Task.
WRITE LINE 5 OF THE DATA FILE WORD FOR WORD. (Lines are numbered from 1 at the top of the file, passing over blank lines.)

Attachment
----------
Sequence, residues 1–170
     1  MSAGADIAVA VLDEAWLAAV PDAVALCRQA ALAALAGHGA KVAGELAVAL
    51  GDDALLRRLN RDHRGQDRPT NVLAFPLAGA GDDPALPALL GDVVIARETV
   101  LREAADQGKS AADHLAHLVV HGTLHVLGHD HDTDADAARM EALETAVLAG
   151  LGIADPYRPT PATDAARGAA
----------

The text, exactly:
   151  LGIADPYRPT PATDAARGAA